A Different Wavelength

It has come to my attention that a photographer I criticized five months ago is allegedly offended at what I wrote.

There must be some concerns on his behalf I hope to address on this post.

I do not claim to be the smartest tool in the shed, my limited talent lies in researching and parsing out information for my more serious writing. This casual blog is a little place where I write “random thoughts and better organized concepts about what I see, feel, and think is happening in our fragile, dramatic, and vulnerable art world.” It is not, by any means, a deep philosophical exercise on art historical perspectives. This blog also happens to be read by a very small fraction of people and is of no consequence to someone’s big celebrated career. I am surprised he found the three-paragraph stub where I accused him, summarily, of having the arrogance of a colonizer’s lens, because Google has it hidden in its many pages. Not surprisingly, Google produces more positive, profound, informative and praising results about said photographer and his body of work. Why would he take the time to contact me to tell me off? This blog space is pretty much insignificant in the art world and for him to focus on my accusation, when there is so much good stuff out there about him, baffles me.

He and I come from different cultures and sometimes misunderstandings are bound to happen. However, for a person of mixed heritage who lives on this side of the world and has seen firsthand the damages of colonization and is particularly sensitive to what that looks like, it can be hard to pipe down and let things of this nature run me by. I take no shame in that – it is my personal experience. I also happen to live in a country that, in spite of its many flaws, is at the forefront of serious collective conversations about colonization, race, ethnicity, socio-economic, gender privilege, and cultural sensitivity.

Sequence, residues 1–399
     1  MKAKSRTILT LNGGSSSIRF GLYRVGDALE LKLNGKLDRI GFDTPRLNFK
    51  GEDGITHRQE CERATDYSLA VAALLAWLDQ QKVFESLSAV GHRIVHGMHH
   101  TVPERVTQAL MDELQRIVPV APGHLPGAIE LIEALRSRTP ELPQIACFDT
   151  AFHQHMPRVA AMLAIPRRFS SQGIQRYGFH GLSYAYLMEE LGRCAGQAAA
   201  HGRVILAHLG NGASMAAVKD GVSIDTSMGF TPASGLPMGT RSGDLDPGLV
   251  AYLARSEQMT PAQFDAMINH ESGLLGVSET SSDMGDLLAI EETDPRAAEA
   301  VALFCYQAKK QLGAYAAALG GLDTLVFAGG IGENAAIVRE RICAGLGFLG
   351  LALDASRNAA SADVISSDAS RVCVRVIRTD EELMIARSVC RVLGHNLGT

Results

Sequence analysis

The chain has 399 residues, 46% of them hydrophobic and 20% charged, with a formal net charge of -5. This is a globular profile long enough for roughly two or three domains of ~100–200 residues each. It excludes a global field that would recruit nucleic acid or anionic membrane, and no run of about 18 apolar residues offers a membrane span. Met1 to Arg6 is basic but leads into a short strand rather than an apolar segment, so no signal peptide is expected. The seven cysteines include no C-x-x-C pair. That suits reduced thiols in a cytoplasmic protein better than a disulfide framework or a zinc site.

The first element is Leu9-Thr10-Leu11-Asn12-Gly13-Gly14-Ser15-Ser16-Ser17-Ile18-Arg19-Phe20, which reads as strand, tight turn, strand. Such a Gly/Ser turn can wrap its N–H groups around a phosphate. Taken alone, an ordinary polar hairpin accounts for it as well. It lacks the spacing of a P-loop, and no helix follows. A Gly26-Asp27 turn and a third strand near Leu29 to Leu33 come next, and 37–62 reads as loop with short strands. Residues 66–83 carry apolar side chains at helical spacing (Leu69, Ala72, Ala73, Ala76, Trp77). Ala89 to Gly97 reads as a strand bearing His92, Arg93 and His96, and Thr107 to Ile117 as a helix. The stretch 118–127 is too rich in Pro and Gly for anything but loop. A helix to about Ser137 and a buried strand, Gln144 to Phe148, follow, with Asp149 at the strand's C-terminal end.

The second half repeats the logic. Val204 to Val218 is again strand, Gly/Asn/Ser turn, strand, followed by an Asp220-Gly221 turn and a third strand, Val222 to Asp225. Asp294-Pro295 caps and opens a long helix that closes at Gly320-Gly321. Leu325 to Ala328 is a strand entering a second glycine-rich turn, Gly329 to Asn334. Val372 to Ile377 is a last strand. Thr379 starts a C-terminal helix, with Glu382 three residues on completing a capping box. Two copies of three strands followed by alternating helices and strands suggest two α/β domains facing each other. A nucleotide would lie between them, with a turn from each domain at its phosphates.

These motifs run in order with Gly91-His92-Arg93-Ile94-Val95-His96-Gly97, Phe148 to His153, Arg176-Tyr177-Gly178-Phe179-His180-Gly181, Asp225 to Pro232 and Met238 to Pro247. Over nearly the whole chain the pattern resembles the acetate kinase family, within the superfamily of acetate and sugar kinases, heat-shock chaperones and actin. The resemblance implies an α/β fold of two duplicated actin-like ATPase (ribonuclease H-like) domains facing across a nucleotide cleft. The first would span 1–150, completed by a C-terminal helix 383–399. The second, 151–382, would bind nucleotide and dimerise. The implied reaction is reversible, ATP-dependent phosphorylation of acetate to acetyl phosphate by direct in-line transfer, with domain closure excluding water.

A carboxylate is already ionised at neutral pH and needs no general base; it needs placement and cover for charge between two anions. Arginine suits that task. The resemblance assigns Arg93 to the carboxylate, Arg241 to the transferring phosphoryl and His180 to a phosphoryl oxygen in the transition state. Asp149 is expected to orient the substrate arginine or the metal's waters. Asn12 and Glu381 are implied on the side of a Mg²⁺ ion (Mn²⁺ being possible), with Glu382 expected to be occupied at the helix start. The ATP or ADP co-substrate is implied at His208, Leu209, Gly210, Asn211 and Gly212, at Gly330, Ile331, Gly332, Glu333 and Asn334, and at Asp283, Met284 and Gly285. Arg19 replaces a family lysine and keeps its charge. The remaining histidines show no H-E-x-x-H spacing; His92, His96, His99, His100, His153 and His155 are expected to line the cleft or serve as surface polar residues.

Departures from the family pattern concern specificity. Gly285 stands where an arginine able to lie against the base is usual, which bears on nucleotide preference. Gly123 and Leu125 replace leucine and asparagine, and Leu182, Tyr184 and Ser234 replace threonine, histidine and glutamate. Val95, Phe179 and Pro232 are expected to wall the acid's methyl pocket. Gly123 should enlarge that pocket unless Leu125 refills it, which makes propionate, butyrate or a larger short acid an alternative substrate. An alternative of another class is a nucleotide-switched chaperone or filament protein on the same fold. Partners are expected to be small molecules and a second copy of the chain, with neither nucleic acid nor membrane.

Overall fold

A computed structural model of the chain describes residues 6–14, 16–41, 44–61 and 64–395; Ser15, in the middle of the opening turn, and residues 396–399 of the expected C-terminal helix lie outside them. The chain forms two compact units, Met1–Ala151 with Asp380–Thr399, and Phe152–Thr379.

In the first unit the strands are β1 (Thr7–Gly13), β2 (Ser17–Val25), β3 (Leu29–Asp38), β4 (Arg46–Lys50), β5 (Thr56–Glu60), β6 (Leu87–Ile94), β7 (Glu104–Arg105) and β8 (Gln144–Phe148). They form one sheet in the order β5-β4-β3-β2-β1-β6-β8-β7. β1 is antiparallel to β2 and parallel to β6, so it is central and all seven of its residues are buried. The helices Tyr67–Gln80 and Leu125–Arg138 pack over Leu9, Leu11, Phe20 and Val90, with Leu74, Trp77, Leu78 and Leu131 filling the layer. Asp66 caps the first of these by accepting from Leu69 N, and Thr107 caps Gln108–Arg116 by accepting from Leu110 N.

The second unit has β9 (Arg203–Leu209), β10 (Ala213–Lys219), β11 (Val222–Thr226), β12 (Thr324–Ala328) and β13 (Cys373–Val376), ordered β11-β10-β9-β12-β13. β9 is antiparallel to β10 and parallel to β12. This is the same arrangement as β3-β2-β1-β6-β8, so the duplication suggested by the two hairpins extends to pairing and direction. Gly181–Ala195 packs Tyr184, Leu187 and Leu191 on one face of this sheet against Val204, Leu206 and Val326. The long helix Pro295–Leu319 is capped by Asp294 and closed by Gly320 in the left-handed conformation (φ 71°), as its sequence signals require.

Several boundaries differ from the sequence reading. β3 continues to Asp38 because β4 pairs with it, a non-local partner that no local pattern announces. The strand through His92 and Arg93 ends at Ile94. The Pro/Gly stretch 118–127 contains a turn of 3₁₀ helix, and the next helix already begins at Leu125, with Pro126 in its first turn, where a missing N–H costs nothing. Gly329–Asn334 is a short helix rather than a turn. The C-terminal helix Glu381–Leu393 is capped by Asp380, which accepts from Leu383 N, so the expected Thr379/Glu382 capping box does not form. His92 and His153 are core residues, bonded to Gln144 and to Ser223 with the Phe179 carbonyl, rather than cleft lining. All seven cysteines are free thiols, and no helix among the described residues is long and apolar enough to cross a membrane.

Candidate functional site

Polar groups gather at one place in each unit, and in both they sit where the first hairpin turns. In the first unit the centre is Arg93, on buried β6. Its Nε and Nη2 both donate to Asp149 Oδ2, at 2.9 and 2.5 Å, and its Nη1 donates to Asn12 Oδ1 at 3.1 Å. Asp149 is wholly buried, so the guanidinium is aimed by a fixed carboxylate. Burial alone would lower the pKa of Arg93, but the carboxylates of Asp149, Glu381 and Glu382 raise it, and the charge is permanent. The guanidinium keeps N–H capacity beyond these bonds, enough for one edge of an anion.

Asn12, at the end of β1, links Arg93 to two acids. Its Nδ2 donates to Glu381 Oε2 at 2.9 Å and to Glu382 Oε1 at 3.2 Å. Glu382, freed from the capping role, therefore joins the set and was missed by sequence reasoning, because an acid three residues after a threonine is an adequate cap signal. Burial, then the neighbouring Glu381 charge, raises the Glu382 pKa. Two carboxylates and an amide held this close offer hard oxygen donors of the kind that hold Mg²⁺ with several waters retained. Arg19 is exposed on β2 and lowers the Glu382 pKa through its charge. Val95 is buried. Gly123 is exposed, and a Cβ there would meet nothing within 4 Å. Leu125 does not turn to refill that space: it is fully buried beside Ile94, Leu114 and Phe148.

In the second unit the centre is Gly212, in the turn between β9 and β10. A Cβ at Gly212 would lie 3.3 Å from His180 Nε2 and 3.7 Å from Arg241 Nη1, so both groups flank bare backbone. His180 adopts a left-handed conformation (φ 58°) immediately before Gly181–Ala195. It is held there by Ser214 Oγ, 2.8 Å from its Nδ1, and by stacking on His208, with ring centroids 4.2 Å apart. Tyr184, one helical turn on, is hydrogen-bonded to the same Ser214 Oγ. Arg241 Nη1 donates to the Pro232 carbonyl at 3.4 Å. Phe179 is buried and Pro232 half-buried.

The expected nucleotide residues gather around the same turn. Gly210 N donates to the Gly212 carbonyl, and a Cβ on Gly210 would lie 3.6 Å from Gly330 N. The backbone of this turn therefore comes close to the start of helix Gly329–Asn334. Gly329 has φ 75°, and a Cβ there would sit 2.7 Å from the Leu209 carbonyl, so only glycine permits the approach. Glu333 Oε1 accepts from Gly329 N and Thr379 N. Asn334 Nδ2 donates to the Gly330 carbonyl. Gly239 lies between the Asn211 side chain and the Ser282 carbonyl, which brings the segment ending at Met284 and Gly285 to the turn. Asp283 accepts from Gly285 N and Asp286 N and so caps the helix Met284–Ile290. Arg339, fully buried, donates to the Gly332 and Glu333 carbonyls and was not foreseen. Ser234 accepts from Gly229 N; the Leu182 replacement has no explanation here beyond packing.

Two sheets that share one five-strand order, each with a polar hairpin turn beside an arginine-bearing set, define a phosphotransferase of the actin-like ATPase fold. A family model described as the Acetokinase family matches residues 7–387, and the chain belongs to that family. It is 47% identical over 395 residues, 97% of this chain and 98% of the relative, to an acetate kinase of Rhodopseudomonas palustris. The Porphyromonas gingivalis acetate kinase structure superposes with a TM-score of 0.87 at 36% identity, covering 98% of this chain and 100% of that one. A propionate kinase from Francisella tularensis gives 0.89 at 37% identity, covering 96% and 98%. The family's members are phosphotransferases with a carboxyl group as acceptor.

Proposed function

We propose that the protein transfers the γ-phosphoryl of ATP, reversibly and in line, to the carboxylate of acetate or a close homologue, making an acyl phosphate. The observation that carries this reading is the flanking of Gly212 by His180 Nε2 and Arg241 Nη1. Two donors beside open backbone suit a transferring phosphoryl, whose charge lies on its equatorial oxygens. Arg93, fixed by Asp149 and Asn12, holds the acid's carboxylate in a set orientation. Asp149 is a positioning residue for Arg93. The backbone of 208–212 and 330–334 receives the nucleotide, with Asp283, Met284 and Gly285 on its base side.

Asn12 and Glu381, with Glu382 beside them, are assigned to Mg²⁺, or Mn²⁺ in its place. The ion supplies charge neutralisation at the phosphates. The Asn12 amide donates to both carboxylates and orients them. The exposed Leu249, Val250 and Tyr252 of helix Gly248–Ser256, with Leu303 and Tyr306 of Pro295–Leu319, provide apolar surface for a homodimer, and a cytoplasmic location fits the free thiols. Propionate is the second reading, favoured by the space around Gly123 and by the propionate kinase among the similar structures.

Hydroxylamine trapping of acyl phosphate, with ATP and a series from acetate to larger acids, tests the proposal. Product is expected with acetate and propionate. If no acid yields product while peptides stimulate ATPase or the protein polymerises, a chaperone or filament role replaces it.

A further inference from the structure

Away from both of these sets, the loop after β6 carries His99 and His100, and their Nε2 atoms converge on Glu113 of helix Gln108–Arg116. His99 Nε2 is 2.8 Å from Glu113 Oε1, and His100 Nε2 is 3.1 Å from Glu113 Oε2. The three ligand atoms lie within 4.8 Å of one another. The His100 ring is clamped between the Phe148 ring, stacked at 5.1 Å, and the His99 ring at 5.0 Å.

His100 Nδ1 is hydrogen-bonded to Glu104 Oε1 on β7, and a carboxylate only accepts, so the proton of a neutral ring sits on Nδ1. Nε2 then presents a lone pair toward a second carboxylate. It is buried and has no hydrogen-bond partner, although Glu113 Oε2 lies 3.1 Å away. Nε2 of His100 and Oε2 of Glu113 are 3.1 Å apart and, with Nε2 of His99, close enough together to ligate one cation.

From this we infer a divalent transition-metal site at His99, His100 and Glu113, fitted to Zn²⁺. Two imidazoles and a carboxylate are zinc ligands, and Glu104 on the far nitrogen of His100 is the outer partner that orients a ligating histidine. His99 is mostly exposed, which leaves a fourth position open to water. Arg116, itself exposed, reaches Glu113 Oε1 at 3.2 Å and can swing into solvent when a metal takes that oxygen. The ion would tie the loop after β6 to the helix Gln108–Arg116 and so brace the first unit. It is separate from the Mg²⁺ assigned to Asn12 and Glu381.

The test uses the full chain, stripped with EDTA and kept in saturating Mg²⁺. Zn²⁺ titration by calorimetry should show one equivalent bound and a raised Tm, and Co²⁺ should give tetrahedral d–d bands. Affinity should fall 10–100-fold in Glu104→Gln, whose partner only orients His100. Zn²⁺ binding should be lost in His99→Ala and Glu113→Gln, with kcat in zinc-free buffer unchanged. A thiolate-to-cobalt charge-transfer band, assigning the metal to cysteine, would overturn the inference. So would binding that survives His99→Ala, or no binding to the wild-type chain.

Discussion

Although, my response to the article may not have been the best or most cohesive one, and decidedly caused some stress, I still believe I have a valid point:

In the history of photography, we have seen the impact photo-journalists and other kinds of photographers have on native subjects - notably Edward S. Curtis. On the one hand, it helps document and preserve the memory of a way of life, a culture, a people. From an artistic point of view, it can be aesthetically wonderful, ground-breaking, and original. From a humanistic point of view, it shows us that we can connect and understand each other, that with enough empathy we can all inhabit this planet Earth. But it can also leave a bitter after taste.

Appreciation for a culture is a delicate line to walk and what may be OK with some members is not OK with others. Romanticized portraiture of "Vanishing Peoples" doesn’t do any favors to the generations that come after, for as cultures naturally fuse and change they will never live up to a what is portrayed by an outsider. This photographer is not the only one to go down this path, however.

I honestly do not know how this photographer supported the community or in what ways he empowered them to retain their traditions. If his point was to teach me a lesson and put me in my place, it just reinforced my original impression of him. I think we all could have learned more if he would have confronted me with the issues at hand instead of sending an ad hominen rebuke.

As my original stub expressed, I believe his photographs to be beautiful and appreciate the fact that he did not direct their poses – they appeared however they wanted to. It is not the work itself but the way the photographer talked about this culture that touched a nerve. A nerve honed to hurt when White/Western men talk about people in developing countries and their way of life to serve a personal agenda. A nerve that pricks at the whispers of Primitivism, Orientalism, Exoticism, and Otherness.

A. Iaroc